Whether it’s drizzled over your ice cream or latte, nestled into your chocolate bar, or simply eaten on its own, caramel is a confectionery crowd-pleaser. The gooey, golden treat has been a main player in desserts (and sometimes entrees) across the world for centuries, and its composition couldn’t be any simpler: The most basic caramel is simply – you guessed it – caramelized sugar.
So how does that white, granular sweetener become an ooey-gooey, golden caramel?
The Basic Science
Caramelized sugar is made when sugar is heated over a constant heat source. The change caused by the heat at the molecular level causes sugar to liquefy and transform into the caramel color we know and love. Various types of sugars yield different shades of brown during the process, but if your sugar has turned black, you know you have surpassed the caramelization process and instead entered the burning stage. So – of course – keep an eye on things, as it’s a fine line between brown and burnt.
But there is a difference between caramelized sugar and caramel.
When preparing caramel candies or sauces, things get a bit more complicated. These will require the addition of a fat, like cream or butter. The protein in them will react with the sugar (in what scientists refer to as the Maillard Reaction) to amplify that caramel color and help you get to your desired end product.
Caramel Around the World
There’s a reason caramel has manifested itself as a favorite treat around the world – it’s a simple and delicious addition to nearly any dessert. But have you ever wondered the difference between regional versions? Let’s break it down:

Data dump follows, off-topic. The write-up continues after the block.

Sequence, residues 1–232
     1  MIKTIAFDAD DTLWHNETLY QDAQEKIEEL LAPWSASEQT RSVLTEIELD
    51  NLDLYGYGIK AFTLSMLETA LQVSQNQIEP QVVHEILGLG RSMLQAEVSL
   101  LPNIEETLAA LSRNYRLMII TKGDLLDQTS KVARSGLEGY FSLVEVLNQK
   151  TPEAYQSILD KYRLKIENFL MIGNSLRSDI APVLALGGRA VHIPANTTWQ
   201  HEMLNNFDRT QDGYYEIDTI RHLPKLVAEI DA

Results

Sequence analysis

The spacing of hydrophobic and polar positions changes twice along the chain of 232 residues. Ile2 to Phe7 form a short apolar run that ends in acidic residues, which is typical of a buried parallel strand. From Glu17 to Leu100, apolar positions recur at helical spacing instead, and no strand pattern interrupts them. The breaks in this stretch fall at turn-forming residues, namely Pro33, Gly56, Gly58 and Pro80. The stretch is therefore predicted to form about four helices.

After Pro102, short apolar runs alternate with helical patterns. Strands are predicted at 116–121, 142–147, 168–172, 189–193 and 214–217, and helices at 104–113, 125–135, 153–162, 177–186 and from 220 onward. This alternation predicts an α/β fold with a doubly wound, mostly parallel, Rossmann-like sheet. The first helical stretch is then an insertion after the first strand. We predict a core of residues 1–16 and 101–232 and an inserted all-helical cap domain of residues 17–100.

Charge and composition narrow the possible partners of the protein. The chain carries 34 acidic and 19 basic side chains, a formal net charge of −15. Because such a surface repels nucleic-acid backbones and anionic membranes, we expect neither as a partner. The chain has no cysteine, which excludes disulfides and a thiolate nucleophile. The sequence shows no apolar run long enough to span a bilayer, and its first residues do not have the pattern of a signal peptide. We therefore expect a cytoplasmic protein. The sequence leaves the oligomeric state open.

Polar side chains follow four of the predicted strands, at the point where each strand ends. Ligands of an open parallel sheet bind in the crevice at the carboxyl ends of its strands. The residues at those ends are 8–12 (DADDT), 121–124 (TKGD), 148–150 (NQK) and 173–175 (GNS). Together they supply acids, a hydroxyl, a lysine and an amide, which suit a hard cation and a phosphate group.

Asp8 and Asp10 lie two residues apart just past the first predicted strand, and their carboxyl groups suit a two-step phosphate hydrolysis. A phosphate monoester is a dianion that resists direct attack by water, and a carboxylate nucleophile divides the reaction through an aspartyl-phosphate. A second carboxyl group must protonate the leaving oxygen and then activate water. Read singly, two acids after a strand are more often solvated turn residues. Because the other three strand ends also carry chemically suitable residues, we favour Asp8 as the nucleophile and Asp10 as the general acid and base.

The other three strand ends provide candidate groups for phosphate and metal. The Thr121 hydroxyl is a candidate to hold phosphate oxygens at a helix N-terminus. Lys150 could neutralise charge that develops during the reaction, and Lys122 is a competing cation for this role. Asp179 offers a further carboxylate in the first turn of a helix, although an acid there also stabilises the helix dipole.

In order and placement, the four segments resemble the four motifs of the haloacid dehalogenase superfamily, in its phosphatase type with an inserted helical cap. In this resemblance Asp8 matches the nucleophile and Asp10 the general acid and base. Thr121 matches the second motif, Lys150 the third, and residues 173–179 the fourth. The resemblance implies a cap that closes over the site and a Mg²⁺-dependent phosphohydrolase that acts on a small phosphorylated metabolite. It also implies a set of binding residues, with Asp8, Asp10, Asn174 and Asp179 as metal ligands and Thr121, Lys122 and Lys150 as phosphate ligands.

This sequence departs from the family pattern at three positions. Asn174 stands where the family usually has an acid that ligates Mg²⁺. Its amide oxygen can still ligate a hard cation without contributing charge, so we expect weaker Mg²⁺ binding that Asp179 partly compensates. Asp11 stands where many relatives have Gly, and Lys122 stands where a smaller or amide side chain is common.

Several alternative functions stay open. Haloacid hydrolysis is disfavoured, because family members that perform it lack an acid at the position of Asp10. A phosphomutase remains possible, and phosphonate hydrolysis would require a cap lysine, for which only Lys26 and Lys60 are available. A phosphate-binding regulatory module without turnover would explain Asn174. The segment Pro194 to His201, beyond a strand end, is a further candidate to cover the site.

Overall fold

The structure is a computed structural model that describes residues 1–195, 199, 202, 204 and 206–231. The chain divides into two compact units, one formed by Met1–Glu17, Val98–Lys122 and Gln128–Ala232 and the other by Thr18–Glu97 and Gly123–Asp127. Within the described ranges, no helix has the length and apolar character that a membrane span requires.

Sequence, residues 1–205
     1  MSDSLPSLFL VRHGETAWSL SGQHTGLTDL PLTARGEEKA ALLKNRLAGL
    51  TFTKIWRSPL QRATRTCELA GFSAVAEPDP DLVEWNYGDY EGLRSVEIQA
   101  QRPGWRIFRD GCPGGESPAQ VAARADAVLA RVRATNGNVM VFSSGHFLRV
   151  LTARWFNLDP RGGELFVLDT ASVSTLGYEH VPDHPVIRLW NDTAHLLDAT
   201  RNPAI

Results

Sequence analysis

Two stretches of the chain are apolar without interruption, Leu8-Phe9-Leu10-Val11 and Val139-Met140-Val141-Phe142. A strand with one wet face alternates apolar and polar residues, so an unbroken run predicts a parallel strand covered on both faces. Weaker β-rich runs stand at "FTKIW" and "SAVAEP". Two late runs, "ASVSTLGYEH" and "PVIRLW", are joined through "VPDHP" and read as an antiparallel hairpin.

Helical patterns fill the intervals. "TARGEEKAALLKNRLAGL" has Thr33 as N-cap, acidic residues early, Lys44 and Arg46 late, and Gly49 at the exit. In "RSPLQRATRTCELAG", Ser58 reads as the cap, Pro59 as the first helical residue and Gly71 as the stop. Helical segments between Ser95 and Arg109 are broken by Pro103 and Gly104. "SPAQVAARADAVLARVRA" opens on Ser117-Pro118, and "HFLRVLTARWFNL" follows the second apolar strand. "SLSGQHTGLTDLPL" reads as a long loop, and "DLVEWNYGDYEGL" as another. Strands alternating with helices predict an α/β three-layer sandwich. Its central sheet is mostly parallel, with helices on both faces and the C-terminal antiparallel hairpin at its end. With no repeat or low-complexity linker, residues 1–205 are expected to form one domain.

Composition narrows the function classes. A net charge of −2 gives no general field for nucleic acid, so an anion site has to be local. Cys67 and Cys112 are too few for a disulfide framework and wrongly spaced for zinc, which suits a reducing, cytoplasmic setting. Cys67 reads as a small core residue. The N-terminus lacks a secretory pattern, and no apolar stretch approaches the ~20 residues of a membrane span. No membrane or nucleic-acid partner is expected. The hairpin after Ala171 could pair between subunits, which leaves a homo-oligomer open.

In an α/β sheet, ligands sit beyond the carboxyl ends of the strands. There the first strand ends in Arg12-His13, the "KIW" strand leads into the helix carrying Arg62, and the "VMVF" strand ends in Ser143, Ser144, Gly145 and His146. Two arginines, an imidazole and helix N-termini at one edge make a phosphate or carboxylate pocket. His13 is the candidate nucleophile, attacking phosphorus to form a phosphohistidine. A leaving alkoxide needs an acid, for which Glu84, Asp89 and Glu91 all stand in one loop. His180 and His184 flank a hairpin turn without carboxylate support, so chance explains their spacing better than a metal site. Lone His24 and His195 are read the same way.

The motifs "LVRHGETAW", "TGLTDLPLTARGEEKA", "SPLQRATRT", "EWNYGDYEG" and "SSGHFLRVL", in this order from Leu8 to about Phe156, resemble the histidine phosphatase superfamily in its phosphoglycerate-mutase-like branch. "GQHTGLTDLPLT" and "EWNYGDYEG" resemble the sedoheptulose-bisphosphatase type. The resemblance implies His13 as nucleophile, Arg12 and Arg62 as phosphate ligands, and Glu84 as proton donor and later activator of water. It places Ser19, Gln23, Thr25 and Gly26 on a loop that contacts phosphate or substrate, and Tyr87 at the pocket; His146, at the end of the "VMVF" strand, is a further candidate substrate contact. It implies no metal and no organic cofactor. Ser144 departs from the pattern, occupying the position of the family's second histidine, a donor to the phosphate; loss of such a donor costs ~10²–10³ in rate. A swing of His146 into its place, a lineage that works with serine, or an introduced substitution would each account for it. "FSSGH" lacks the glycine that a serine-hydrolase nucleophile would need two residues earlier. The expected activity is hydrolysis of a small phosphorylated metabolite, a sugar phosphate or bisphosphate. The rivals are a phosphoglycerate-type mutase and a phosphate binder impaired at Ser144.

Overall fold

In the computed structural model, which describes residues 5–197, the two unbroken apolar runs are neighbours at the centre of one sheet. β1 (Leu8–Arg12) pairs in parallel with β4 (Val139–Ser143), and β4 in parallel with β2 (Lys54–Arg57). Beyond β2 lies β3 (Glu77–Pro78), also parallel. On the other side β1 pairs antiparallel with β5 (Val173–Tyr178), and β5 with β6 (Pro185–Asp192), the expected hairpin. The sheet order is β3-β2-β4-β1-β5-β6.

Dulce de Leche (Argentina): Ask any Argentinian and odds are they have a jar of dulce de leche in their pantry. Unlike caramel, which begins with caramelizing sugar, dulce de leche is made by caramelizing sweetened condensed milk. Cooked for a long time over low heat, the milk winds up with that roasted sugar flavor.
Toffee (UK): Because toffee is made by melting sugar until it only just begins to melt, it tends to be a lighter shade of brown than the caramel you typically see in stores. Toffee is often made with caramelized molasses (though it doesn’t have to be), and different temperatures yield different levels of hardness (ranging from sticky to completely hard).
Cajeta (Mexico): Thicker than caramel, the Mexican favorite cajeta is made from caramelized goat’s milk and sugar (and often various other spices, including cinnamon). The unique flavor and texture from the goat’s milk is what sets cajeta apart.
Brittany Caramels (France): Synonymous with the seaside town that they’re named for, Brittany caramels are the tried-and-true tag team of sea salt and caramel, dating back hundreds of years before the current trend.
So what’s the main moral here? Whether you like your caramel salted or not, if you use cream instead of butter, if you prefer goat’s milk to cow’s milk in yours or if you enjoy making them yourself versus buying them, it all boils down to the fact that caramels are beloved globally for a reason: They’re beyond delicious, and isn’t that all you need when it comes to food?